In 1998 McHoskey, Worzel, and Szyarto claimed that Machiavellianism is nothing more than a mild form of psychopathy: aside from their relative severity, there is no difference between them. Delroy L. Paulhus and McHoskey debated these perspectives at a subsequent American Psychological Association (APA) conference, inspiring the famous Paulhus and Williams (2002) research on the "Dark Triad". Paulhus and Williams found enough behavioral, personality, and cognitive differences between the traits to suggest that they were different from each other; however, they concluded that further research was needed to elucidate how and why they overlap.
Personality traits and subclinical dimensions vs. disorders 
Two of the Dark Triad traits, narcissism and psychopathy, were first proposed as explanations for observed clinical disorders. Narcissism is debatably the oldest, tracing back to the writings of Sigmund Freud. Psychopathy as an observed syndrome was addressed in the early writings of Hervey Cleckley in 1941 with the publication of The Mask of Sanity.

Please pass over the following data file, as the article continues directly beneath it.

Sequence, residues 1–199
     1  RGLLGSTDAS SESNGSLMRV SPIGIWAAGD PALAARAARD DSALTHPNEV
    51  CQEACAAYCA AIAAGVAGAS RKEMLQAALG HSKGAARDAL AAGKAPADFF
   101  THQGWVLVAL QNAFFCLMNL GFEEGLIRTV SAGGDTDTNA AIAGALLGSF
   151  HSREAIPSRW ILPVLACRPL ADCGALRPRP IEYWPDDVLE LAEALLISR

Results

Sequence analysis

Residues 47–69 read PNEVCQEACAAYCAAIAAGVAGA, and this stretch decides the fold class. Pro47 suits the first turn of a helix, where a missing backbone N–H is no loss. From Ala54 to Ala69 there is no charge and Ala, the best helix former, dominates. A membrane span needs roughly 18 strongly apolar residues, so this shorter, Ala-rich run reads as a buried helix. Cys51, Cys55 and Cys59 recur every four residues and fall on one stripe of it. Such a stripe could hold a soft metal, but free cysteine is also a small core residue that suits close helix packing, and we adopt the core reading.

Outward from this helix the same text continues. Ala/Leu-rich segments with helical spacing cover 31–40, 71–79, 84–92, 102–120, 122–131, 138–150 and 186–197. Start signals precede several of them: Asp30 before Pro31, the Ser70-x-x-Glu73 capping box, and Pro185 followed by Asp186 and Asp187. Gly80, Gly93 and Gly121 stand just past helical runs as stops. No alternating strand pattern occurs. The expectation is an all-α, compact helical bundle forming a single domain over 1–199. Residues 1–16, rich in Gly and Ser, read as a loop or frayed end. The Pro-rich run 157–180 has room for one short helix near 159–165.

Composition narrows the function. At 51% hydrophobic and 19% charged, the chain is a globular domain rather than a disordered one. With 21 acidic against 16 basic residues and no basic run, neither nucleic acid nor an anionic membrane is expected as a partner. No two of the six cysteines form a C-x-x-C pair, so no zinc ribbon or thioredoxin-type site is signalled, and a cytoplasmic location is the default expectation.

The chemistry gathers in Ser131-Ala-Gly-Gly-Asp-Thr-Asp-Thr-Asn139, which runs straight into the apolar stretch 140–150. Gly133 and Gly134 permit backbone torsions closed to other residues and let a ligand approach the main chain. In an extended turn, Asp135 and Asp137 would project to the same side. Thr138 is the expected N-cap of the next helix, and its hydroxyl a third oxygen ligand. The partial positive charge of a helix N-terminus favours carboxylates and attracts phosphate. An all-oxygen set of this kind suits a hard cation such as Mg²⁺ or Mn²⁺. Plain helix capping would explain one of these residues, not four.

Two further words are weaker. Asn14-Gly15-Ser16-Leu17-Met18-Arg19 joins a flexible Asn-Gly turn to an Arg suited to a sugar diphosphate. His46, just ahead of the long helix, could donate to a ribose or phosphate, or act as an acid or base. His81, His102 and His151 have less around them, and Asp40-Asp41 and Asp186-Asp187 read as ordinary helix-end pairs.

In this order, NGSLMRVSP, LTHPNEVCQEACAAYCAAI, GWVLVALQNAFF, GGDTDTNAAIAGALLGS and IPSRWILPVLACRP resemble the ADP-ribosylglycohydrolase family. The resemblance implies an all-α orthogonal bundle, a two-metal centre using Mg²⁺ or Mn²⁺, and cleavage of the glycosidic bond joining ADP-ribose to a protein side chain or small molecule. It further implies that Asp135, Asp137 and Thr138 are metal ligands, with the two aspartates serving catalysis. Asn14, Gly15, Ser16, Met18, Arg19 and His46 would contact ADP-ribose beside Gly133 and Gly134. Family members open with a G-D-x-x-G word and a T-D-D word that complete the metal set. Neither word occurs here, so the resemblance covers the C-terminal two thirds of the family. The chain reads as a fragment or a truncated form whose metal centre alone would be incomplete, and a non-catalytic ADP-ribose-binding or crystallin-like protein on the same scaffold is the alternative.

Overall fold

With respect to empirical research, psychopathy was not formally studied until the 1960s and 1970s with the pioneering efforts of Robert Hare, in his Psychopathy Checklist (PCL) and its revision (PCL-R). Hare notes in his book, "Without Conscience"  that asking psychopaths to self-report on psychologically important matters does not necessarily provide accurate or unbiased data.
However, recent efforts have been made to study psychopathy in the dimensional realm using self-reported instruments, as with the Levenson Primary and Secondary Psychopathy Scales, The Psychopathic Personality Inventory, and the Self-Report Psychopathy Scale.
Similarly, narcissism lacked a means of assessing the disorder outside of clinical interviews, until the popular "Narcissistic Personality Inventory" was created by Raskin and Hall in 1979. Since the NPI, several other measures have emerged which attempt to provide self-report alternatives for personality disorder assessment. In addition, new instruments have been developed to study "pathological" narcissism  as opposed to "grandiose" narcissism, which is what many argue the NPI measures.